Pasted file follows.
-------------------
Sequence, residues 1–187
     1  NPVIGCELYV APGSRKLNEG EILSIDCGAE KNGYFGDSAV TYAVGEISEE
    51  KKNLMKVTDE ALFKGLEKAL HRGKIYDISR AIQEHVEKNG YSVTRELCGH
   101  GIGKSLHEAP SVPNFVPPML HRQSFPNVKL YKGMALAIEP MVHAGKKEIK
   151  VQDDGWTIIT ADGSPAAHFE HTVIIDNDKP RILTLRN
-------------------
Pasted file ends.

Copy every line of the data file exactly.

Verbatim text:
Sequence, residues 1–187
     1  NPVIGCELYV APGSRKLNEG EILSIDCGAE KNGYFGDSAV TYAVGEISEE
    51  KKNLMKVTDE ALFKGLEKAL HRGKIYDISR AIQEHVEKNG YSVTRELCGH
   101  GIGKSLHEAP SVPNFVPPML HRQSFPNVKL YKGMALAIEP MVHAGKKEIK
   151  VQDDGWTIIT ADGSPAAHFE HTVIIDNDKP RILTLRN